Backblaze, a data storage provider, has amassed so much customer data over the years that it now has over 1 exabyte (EB) of storage.
With a byte being a single unit of digital storage, 1EB is the equivalent of 1 billlion gigabytes (GB) or 1 million of your lofty 1TB hard drives. As BackBlaze puts it, if 1GB is like the size of Earth, 1EB is like the size of the sun. If you were to start a video call, it would have to last 237,823 years to fill up 1EB.
Today, Backblaze is one of the very few companies that has a storage capacity of 1EB. According to ZDNet, the first 1EB storage system came via Oracle in 2011. It's more complicated than you may think. Backblaze invested a lot of time and money to get to 1EB. For starters, you need to have the appropriate infrastructure to accommodate all the hard drives. Furthermore, hard drives often fail, and the company has to replace them.
Backblaze started as a five-person crew back in 2007 in one of the co-founder's apartments. The company has now grown to 145 employees with customers in over 160 different countries.
Backblaze's 1EB arsenal is spread across 125,000 hard drives with capacities spanning from 4TB to 14TB. The firm utilizes models from all the big-name brands, such as Seagate, Western Digital, Toshiba and Hitachi Global Storage Technologies (HGST).
1EB is cool and all, but Backblaze has already set its eyes on reaching 1 zettabyte (ZB) or 1,000,000,000,000,000,000,000 bytes, depending on how you want to look at it.
Check the book out if you will like a story where other races have been in the galaxy for a long time and there are different tiers of races. Top tier = most technologically advanced and they control next lower tiers who control the next tiers and so on. Two of the races show up to earth to battle each other and humans get caught in the middle.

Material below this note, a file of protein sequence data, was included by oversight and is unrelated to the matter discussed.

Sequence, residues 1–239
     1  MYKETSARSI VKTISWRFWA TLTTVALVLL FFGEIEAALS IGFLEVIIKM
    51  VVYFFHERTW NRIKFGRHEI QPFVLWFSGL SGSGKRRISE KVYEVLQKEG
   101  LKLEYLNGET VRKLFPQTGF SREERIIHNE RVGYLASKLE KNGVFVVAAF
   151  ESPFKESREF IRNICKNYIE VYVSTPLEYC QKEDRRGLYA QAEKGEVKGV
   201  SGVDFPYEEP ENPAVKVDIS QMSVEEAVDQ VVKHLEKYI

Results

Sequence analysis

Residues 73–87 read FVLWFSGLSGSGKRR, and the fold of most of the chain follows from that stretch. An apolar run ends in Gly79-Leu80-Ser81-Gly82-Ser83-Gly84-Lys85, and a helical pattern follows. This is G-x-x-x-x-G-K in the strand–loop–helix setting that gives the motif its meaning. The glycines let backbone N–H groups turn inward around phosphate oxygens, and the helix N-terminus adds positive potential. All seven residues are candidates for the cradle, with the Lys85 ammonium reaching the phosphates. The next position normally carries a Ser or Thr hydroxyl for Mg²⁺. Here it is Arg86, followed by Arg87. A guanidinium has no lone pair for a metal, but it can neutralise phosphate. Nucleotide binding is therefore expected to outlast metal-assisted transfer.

Size is relative in that you tend to use the most convenient units for what needs measuring.
The size of a graphics card is typically measured in inches or millimeter.
1 millimeter is a singular unit but I could also measure graphics cards in picometers and give some crazy large number that isn't very easy to remember.
For example, a Geforce 2080Ti is 267000000000 picometers long isn't very easy understand unless you bring it back to millimeters ... 267 millimeters.
Even the picometer isn't as small as it gets if you wanted the smallest unit of length.
For that you would have to read about the Planck length
Anyway, thanks to BackBlaze for cluing me into HGST disks. I wish I'd started using them sooner.
(Although 1 million TB is likely more readily understandable for most)
Impressive! (Hate to have their electric bill!)
It pretty quickly got to just talking in terms of Gigabytes.